Discussion in 'General Discussion' started by Steven Luppino, May 13, 2017.
AC FFB is like gambling, flat and lifeless ...
That is exactly what I found when I tried turning everything up for FFB in AC. Just a bunch of noise. I couldn't undo it and uninstalled AC for now. Will try it in a month or so.
To be perfectly honest, I have never noticed/acknowledged it but next time I'm playing AC I will keep a conscious mind for this effect on FFB.
It's a debate how sims generate their FFB, simple as that and if it fits in the grand scheme and makes sense. When you go over a crest or drive down a drop the car get's light and not heavier. Pictures this as going over Flugplatz or Raidillon in a car at speed. In rF2 you are not supposed to feel the weight of the car itself, but how weight transferes on the tires, suspension and the steering rack and the FFB is basicly your butt feel. If you keep this in mind, the FFB makes perfect sense. The moment you touch the ground on the other hand the FFB get's heavier, as it should.
rF2 forcefeedback is by far superior to anything else , but AC FFB is quite good on high end steering wheels once they are setup correctly.
Is not neccesary at all to add canned effects , is just different.
Quite off on some kunos cars, feels better on some others.
And modded content can be the key for good FFB, i was lucky i could test the DRM beta, and physics are so good that they transform the FFB on something very close to what we feel in rF2.
I had my triples out and I forgot how to get into triple screen setup. Which keys are they?
Is there a thread that shows all the settings?
CTRL+= (i think, from memory )
Yes! I think that is it? Many thanks!
I just thought RF2 is like sailing a boat when it looks over the nose hitting bumps it doesn't send the smallest shock on the steering wheel. When in Assetto Corsa It does.
You could probably pick the multy polyed road mesh of RF2 as the culprit and if you wanted fixed it by adding noise to the road mesh.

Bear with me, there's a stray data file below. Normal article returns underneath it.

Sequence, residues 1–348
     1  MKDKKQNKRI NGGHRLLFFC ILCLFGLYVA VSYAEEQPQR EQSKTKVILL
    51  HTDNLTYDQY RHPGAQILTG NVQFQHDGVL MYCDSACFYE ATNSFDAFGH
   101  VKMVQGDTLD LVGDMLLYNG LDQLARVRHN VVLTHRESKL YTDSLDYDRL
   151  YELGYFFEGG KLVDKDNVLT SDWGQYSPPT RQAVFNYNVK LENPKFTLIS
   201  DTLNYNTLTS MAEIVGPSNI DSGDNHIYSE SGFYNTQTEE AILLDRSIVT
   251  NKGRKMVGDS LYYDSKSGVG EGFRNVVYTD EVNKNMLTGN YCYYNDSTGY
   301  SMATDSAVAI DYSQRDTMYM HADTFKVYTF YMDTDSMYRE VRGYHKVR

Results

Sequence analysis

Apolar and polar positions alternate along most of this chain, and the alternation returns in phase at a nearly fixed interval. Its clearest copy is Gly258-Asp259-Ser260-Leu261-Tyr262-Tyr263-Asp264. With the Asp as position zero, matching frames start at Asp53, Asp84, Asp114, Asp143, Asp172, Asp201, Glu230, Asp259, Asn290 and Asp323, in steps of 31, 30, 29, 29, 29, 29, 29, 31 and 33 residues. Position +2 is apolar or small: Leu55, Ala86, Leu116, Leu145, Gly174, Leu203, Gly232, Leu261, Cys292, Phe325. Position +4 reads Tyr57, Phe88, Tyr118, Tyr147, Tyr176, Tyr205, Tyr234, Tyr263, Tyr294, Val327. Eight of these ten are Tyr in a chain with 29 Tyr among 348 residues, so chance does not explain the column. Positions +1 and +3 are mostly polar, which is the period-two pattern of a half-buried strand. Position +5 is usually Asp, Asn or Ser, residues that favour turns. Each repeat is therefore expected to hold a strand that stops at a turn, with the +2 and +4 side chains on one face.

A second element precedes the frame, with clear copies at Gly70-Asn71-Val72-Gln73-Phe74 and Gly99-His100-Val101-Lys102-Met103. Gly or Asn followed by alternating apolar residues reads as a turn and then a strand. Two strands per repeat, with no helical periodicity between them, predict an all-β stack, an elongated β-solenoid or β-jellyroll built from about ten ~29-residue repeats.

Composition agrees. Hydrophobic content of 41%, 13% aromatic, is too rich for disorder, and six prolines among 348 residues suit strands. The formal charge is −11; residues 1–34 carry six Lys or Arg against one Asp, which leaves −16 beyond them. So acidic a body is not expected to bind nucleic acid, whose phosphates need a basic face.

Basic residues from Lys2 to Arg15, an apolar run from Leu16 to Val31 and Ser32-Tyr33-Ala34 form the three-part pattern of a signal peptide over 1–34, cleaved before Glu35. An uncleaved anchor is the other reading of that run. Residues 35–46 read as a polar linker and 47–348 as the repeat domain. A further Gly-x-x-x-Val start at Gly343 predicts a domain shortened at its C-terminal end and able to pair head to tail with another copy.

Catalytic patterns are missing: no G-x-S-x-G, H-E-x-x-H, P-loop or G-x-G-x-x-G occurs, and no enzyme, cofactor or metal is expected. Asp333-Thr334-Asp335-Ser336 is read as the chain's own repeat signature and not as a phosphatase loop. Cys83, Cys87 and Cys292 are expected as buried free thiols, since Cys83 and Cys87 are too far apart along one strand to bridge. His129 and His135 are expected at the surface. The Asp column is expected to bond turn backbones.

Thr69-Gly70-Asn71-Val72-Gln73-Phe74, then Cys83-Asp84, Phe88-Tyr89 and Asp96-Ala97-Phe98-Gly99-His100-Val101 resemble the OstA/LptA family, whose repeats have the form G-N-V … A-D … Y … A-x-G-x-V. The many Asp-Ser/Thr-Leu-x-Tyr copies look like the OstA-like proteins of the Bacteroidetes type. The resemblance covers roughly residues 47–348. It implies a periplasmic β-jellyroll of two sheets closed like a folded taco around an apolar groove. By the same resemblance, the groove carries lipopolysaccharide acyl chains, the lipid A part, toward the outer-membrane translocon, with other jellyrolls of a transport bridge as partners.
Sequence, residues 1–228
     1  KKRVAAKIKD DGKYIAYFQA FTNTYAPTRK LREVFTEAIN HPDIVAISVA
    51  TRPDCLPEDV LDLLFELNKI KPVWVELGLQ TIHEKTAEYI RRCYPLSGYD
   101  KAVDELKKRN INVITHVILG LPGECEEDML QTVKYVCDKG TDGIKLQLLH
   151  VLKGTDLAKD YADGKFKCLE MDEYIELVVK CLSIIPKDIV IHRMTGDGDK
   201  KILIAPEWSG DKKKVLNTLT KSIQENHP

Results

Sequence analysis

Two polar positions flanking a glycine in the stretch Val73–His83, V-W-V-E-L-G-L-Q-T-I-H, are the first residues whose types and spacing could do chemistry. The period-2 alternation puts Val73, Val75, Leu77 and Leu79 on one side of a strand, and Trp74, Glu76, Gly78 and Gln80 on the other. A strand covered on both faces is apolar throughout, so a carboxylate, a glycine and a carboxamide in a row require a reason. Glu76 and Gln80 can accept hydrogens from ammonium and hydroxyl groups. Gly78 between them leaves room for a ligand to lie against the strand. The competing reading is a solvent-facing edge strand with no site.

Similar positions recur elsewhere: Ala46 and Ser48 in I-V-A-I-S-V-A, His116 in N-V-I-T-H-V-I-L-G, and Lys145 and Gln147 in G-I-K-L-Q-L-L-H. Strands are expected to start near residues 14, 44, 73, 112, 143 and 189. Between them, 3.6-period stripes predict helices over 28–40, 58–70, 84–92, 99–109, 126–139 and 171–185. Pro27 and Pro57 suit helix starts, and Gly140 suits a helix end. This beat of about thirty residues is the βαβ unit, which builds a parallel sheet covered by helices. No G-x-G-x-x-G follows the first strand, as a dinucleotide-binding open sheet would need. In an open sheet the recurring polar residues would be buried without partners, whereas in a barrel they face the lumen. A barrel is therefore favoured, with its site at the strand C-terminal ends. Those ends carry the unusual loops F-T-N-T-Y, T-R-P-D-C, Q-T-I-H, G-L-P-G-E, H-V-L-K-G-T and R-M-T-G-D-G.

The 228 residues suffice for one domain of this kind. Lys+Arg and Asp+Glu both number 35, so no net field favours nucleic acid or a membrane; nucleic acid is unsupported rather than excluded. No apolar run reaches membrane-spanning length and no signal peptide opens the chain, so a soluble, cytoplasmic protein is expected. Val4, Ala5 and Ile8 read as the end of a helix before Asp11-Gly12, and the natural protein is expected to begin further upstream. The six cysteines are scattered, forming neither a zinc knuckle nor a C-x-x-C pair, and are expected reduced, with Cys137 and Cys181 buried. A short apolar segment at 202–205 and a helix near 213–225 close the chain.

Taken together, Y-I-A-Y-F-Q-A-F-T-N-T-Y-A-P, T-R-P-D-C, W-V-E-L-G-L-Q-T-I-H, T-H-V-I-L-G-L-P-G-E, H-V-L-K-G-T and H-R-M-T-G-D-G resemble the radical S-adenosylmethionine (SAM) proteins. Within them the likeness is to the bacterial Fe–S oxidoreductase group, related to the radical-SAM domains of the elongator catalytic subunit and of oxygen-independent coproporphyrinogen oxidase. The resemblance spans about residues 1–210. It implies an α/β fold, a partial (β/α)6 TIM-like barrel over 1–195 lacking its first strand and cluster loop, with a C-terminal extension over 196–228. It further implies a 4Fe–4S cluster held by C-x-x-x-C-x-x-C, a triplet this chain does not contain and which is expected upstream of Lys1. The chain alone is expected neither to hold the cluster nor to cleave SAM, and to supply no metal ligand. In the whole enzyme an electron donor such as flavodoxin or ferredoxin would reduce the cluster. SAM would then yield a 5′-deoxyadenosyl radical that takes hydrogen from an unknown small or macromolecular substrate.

It's amazing really when you think how it is missing in FFB of most of the sims, it didn't take me long after playing these things to pick it (except in AC). I was curious to find out what or how it's not been given priority. What if you drove a rally car. Yes the steering would lose its weight in the air but it should feel the intense load when the car landed on the ground. Without it it feels fake or a waste of time driving the thing.
Ok could some with the knowledge clue me in,I know iracing produce their ffb from the steering column,so I just read rf2 ffb come from the tyres,where does ac get their ffb from.
Also when ever I bring up in iracing that I prefer the ffb in rf2,all I get is in reply is,rf2 ffb is canned effects,is this true,could someone clarify this,I mean if there are no canned effects then I want to be able to put those people right when they say that.
When they say rF2's FFB come from the tires they mean that tire loads acting in the steering linkage which are being used to calculate the reaction at the steering column.
However, the important part is not this itself. This should be quite straight forward considering the steering geometry is quite simple. Leo FFB plugin already did this for rF1.
The key factor here is tire loads and pneumatic trail. For car dynamics the small offset does not imply a great variation. But for FFB calculation it plays a significant role considering the small distance to the spindle around which tire loads produce the self aligning torque.
rF2 has a completely different tire model compared to AC and iracing. In rF2, tire deformation and contact patch are previously calculated based on FEM model results. This includes the calculation of the pneumatic trail.
In iracing and AC Pacejka formula is used. Quoting from wikipedia:
The Pacejka tire models are widely used in professional vehicle dynamics simulations, and racing car games, as they are reasonably accurate, easy to program, and solve quickly. A problem with Pacejka's model is that when implemented into computer code, it doesn't work for low speeds (from around the pit-entry speed), because a velocity term in the denominator makes the formula diverge.An alternative to Pacejka tire models are brush tire models, which can be analytically derived, although empirical curve fitting is still required for good correlation, and they tend to be less accurate than the MF models.
So in principle rF2 should provide better results if good data are provided and the effort of correctly parametrizing the tire has been done.
Empirical formulas like Pacejka fully depend on having real results to correlate with. All the parameters are unknown since they not based on any tire characteristic but on its results.